During the question period, somebody raised the issue of "Intelligent Design," asking if this is the sort of thing that wing nuts are likely to pick up on, and how this sort of structure evolves. Dwight gave a very good explanation of the evolutionary origin, pointing out that the basic structural elements that make the little trebuchets are present in lots of other plants in the dogwood family, so the change from existing plants would be very small. He also explained how it would be evolutionarily advantageous for this particular dogwood plant to have an effective pollen-launching mechanism, as it's a shrubby little thing that can easily benefit from both wind-borne and insect-borne pollination.
However, he did note that their work has been picked up by Creation Magazine, where it will presumably be cast as evidence of "Intelligent Design" of dogwood pollination schemes. He said that it was a bit of a dilemma for him and his co-authors when they were asked for permission to use the figures and video clips from the Nature article.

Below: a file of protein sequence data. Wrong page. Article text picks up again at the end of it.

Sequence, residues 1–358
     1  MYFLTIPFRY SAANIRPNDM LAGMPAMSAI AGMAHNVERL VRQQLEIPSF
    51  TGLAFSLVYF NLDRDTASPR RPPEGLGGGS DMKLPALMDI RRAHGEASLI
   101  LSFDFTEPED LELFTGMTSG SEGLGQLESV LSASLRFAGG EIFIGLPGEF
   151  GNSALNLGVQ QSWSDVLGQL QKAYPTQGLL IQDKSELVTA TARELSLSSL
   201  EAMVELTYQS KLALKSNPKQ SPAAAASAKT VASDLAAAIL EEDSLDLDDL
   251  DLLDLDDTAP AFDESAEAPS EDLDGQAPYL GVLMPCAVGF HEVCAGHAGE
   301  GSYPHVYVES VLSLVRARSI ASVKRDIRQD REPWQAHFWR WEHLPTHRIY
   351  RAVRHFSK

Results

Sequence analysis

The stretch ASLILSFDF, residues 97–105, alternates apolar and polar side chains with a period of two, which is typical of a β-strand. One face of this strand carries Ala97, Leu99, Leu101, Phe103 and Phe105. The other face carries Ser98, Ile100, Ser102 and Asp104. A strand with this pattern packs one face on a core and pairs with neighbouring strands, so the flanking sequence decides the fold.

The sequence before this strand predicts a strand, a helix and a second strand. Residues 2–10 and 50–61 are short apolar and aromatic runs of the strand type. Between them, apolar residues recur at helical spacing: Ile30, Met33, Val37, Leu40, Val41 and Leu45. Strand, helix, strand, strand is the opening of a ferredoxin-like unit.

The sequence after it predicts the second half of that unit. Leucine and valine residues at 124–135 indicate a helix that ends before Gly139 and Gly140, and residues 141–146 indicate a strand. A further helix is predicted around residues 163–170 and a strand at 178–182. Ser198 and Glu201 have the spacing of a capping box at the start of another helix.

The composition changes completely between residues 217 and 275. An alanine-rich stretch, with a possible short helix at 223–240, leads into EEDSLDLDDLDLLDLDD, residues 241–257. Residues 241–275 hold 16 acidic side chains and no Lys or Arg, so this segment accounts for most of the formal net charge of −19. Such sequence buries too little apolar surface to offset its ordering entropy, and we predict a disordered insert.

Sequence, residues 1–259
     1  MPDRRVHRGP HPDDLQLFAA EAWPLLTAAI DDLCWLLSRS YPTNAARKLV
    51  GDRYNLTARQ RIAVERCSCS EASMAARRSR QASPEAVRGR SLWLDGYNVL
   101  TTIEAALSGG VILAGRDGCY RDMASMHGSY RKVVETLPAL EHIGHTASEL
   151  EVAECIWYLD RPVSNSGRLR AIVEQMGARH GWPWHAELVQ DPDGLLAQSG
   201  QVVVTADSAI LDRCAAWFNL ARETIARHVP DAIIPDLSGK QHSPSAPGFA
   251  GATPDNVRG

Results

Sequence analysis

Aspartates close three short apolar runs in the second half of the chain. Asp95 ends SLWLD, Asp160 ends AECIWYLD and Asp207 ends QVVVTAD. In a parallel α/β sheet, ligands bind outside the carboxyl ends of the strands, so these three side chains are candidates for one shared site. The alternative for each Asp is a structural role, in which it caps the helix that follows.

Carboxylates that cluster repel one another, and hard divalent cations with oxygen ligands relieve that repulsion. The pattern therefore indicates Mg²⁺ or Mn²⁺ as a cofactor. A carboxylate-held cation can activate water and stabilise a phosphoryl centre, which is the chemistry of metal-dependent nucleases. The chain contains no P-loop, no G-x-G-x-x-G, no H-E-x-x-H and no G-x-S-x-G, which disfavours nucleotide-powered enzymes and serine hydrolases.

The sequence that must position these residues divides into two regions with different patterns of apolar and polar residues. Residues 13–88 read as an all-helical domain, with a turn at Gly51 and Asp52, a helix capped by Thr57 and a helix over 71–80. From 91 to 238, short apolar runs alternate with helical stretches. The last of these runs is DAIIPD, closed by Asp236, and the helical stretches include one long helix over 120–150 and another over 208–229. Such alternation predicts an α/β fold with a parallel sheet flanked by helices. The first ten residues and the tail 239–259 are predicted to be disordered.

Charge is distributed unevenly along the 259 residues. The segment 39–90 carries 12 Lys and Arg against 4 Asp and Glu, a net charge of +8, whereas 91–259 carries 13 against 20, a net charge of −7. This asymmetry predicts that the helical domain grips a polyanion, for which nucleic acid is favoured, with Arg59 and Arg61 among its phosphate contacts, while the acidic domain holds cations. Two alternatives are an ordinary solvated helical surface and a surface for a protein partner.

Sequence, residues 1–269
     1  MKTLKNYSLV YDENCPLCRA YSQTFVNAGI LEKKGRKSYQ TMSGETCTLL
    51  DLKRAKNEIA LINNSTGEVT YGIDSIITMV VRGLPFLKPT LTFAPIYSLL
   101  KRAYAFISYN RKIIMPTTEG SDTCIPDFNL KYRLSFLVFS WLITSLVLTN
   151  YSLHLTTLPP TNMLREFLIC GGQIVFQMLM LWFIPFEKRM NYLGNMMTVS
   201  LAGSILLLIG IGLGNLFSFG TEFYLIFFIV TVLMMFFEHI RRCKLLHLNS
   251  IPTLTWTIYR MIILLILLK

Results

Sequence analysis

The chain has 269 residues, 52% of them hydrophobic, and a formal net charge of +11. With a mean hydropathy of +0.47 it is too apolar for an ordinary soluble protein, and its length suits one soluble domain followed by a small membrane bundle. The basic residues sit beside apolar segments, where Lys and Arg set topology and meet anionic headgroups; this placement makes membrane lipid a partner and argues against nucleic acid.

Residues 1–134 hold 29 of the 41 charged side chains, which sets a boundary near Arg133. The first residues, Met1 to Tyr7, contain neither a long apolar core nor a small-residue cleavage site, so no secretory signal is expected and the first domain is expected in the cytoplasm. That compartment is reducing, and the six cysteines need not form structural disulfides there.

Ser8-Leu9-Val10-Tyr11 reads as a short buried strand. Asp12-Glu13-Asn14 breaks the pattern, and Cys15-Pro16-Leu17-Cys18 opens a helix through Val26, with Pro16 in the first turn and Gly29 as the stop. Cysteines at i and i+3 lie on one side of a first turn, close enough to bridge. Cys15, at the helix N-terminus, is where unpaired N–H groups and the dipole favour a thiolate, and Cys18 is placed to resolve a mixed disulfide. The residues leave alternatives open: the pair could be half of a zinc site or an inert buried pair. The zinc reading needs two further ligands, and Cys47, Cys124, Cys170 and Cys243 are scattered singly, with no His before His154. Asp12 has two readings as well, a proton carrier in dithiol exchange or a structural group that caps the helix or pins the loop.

In the end, they decided that they had an ethical obligation as scientists to make their data freely available, even to wing nuts (they did insist that the article include pointers to the original source, which isn't peddling nonsense). I tend to agree, but it is an interesting question: If you knew that your work was going to be used as "evidence" to support pseudo-science, would you give the whack jobs permission to use your figures?
(Over to you, PZ...)
Gained in Translation
I mentioned a little while back on Kate's LiveJournal that I wouldn't mind having an MP3 version of the very cool opening theme music from the Japanese cartoon Hellsing (about ultra-stylish vampires and vampire hunters). Kate, being an enterprising BitTorrenter, found the entire soundtrack on-line.
Of course, this ended up giving me forty-some tracks worth of incidental music, in addition to the one song I really wanted ("The World Without Logos"). This isn't necessarily a bad thing, as some of the other songs used in the cartoon are pretty good. The real benefit of this, though, is that the song titles have a certain loopy grandeur.